Can Use Of Colour Aid Children’s Wellbeing?

Shutterstock / ronstik © childrens wellbeing

There has been plenty of discussion recently about the effects of the pandemic on children’s wellbeing.

Recent research from the Education Endowment Foundation, for example, found that lockdown impacted children’s language and speech, setting them back in their learning.

And, concerningly, the pandemic seems to have had a profound effect on children’s mental health, with reports of lowered concentration to poor sleep, isolation, and even mental distress.

Now that schools have reopened, we’re likely to see these problems start to resolve.

But there are ways we can provide the right environment for our children’s mental health and support learning at home.

Proponents of colour psychology believe that the hues and shades children are surrounded with at home can affect their mental and emotional wellbeing, potentially positively or negatively.

Here, we delve into the best colour choices for your home to support your children’s mental health, creativity, and learning.

Blue for babies?

What do you think of when you see the colour blue? Some see it as calming, like a bright blue sky or the serene ocean. This is how your children perceive blue too, and it can have a number of positive effects on them.

Studies have shown blue helps babies transition more easily into sleep, leading to less fitful nights. Its calming effects are so powerful that evidence suggests it can help active children with a lot of energy to relax.

A study by the International Journal of Advanced Research has found that blue also inspires creativity amongst children.

The study gave children between 8–12 years old a set of questions, one on blue paper and one on red. It found that the children who interacted with the colour blue were able to produce more “novel” ideas with a wider variety of answers.

The red group, on the other hand, gave more “ordinary” answers.

Yellow for happiness

For most of us, yellow represents happiness. It’s positive, it’s bright, and it’s sunny.

This means it’s the perfect mood booster for both adults and children. A landmark 1993 academic study found that children respond positively to bright colours like yellow as opposed to dark colours.

It’s also associated with better concentration and memory, meaning it’s a great colour to incorporate into your child’s learning. At home, you could incorporate this with a yellow desk in your child’s room, or with yellow pencils, paper, or books.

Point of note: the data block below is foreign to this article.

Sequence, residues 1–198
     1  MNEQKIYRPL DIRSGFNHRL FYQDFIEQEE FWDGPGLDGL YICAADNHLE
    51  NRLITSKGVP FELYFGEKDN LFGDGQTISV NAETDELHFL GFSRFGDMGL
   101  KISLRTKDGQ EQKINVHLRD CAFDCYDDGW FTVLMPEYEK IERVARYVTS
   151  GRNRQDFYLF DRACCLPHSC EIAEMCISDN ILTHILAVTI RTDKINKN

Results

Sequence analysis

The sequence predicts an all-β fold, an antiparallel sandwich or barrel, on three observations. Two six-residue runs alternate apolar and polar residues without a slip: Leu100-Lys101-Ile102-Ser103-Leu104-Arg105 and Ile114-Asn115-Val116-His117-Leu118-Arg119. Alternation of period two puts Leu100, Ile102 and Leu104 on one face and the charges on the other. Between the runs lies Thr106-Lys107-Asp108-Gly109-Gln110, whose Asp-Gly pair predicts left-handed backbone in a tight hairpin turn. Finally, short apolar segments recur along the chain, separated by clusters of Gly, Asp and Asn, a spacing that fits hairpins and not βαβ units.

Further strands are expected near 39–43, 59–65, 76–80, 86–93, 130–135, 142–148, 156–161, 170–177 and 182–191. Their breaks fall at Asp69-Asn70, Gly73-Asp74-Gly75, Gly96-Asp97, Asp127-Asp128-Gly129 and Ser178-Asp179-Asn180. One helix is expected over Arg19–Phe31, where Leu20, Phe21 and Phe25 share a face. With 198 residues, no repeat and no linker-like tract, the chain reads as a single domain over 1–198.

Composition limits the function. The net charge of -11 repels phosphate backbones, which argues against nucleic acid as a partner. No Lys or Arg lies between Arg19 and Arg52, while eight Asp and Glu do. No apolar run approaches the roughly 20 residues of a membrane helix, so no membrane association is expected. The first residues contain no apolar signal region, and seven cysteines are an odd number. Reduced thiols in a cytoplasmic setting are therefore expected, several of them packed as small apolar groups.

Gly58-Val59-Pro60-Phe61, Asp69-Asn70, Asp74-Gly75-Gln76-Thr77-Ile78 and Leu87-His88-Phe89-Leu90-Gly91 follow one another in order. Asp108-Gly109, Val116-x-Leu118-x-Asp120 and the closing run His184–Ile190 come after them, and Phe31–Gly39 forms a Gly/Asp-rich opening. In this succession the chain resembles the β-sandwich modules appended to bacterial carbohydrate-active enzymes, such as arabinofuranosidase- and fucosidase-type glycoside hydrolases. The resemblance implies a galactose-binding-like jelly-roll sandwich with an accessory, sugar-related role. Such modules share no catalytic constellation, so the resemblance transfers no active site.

Interestingly, psychologists recommend using yellow as an accent colour rather than painting your child’s room yellow.

While red is well known for intensifying feelings of aggression, too much yellow can apparently also invoke this in children.

Brown for concentration

A muted brown is seen as relaxing. Muted beiges and pale straw colours do the same, as well as inspiring confidence.

These neutral colours are essential to balancing out the bright colours that inspire joy and creativity. Because you can have too much of a good thing!

You might have noticed that a lot of schools and educational institutions use muted, neutral colours.

Often these come in the form of light wooden furniture, on tables and on classroom walls. This isn’t simply because they’re common interior colours; too many bright colours can be distracting and overwhelming.

Calming Green

Calming, grounding green. It immediately conjures images of nature and tranquillity.

The colour has so many positive effects on children that it’s hard to know where to start. Like blue, it can help children relax and even help babies drift off into a peaceful sleep.

While yellow is a great learning colour because of its ability to increase concentration and memory, green is a great addition because it can increase reading speed and a child’s understanding of text.

These attributes mean green is fantastic as the main colour of a child’s bedroom, in their classroom at school, or at home.

While children are drawn to bright colours, a more muted green is good for a bedroom wall, like the calming but highly pigmented Boxington from Little Greene paint.

These softer colours more closely resemble the greens we’ll find in nature for maximum relaxing effects.

Help provide comfort and relaxation

It’s clear that the pandemic has had enormous impacts on our children, from their learning abilities to their mental health.

With the school holidays around the corner and our children once again spending more time in the home, it’s important that we do everything we can to support them.

Incorporating tried-and-tested memory, sleep, and mood-boosting colours into their bedroom and your wider home can help provide comfort and relaxation as we begin to return to normal.

For more fascinating features from “The People’s Friend”, click here.

Iain McDonald

Iain is Digital Content Editor at the "Friend", making him responsible for managing flow of interesting and entertaining content on the magazine's website and social media channels.